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Hakone Checkpoint

Hakone Checkpoint


The current Hakone Checkpoint was rebuilt based on the “Report of the Restoration of Sōsyu Hakone Checkpoint in 1865” discovered in 1983, as well as in accordance with findings from excavation and research around the site, and has been open to the public since April 2007. Along with the restoration of the checkpoint buildings, including the main guardhouse, the senior guard lounge, and the foot soldier’s guardhouse, the stone walls and stairs and wooden fences were also restored. Environmental improvements were implemented, such as laying electric cables underground and maintenance of the cedar trees along the road. The museum next to the rebuilt checkpoint exhibits 300 historical items including old documents, checkpoint passes, official bulletin boards, official stamps, checkpoint diaries, and matchlock muskets.

Travel tip

Hakone Sekisho was part of the Edo-period road from Tokyo to Kyoto. This checkpoint ensured weapons did not enter Edo (Tokyo) and prevented feudal lords' relatives from fleeing (their wives and children were de facto hostages). Nowadays, it is a good place to see historical buildings along the street.

The Hakone Sekisho was one of the major checkpoints of the Edo Period, an inspection facility that controlled the flow of weapons into the shogun’s capital of Edo (modern-day Tokyo) and limited the passage of people out of the city.

Altogether, there were 53 inspection facilities defending the major roads across the nation. The Hakone Sekisho was placed on its current location in 1619, during the early Edo period. It is thought to be one of the largest and most important of all the facilities. Among its duties was to prevent the relatives of feudal lords from fleeing the city, as their wives and children were more or less de facto hostages of the shogun’s government. Checkpoint guards were allegedly extremely strict on women trying to leave the checkpoint, yet, as has been documented, the checkpoint guards did little to halt the flow of guns into the city.

The Hakone Sekisho was in operation for about 260 years during the Edo period but fell out of use when the military government dissolved in 1868 and the Emperor was restored to power.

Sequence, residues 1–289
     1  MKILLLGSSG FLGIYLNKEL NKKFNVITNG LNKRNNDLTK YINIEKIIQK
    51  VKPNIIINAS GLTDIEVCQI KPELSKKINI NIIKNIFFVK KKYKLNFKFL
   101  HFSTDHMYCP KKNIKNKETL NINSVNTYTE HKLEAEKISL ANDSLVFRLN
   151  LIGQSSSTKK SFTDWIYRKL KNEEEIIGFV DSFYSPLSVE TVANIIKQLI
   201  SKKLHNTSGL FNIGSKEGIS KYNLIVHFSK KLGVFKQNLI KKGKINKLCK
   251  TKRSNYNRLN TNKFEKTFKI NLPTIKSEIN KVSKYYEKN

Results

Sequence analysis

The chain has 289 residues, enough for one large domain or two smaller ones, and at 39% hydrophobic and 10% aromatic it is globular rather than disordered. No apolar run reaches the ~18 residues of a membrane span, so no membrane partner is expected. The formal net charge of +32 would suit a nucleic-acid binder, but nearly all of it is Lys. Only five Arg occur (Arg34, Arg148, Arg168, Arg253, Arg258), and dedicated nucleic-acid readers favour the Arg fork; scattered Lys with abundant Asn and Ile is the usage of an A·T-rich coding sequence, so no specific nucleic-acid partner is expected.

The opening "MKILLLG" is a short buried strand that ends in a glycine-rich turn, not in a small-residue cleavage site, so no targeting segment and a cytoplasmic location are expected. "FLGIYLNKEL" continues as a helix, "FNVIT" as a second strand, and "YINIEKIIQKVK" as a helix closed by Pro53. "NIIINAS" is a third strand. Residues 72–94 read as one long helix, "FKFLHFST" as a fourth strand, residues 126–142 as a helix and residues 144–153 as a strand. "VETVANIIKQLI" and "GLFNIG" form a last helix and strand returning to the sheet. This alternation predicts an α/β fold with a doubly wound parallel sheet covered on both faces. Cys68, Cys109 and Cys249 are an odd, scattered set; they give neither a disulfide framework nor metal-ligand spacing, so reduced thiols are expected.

The current checkpoint buildings were restored about 140 years ago, using tools and craftsmanship methods of the Edo Period. Along with the checkpoint buildings, the main guardhouse, senior guard lounge, foot-soldiers’ guardhouse, stone walls, stairs, and wooden fences were also restored to Edo-era conditions. In addition, the view around the inspection facility is also free from modern equipment — items such as electric cables have been buried to ensure a vista free of modern interference. When you look at the checkpoint’s dignified appearance, you will feel like you’ve jumped back in time.

For a more in-depth visit, the nearby museum is worth a visit. Standing just next to the rebuilt Sekisho, the exhibit has more than 300 historical items on display, including authentic and historical documents, stamped checkpoint passes, official bulletin boards, official stamps, checkpoint diaries and authentic matchlock muskets.

The checkpoint and museum aren’t the only worthwhile things in the area. While visiting Lake Ashi and the checkpoint, be sure to enjoy the walking trail around the facilities. Komagata Shrine and Otama-ga Pond are especially interesting for their history - the tale of Otama-ga Pond is especially tragic and a reflection of the strict policies in effect at the time of the checkpoint’s operation.

The Hakone Inspection Facility is open from 9 am to 5 pm from March 1st to November 30th. From December to the end of February, the Sekisho is open from 9 am to 4:30 pm. Entry fee for adults is ¥500 and children are ¥250; discounts are available for groups of twenty or more people. In order to visit the Hakone Checkpoint and its museum, take the bus from Odawara Station to Hakonemachi. The site is a short 2-minute walk from the bus stop.

Essential Information


9:00-17:00 (Last admission 16:30)
9:00-16:30 on Dec 1, 2 and 31 (Last admission 16:00)

In order to prevent the spread of coronavirus (COVID-19), various facilities may change their operating days or hours.
Suggested duration


Closed Open every day

Adults 500 yen, Children 250 yen, other fee systems in place


Bus from Hakone-Yumoto Station (bound for Hakone-cho Port)

  • Wheelchair friendly
  • English
  • 简体中文
  • 繁體中文
  • 한국어
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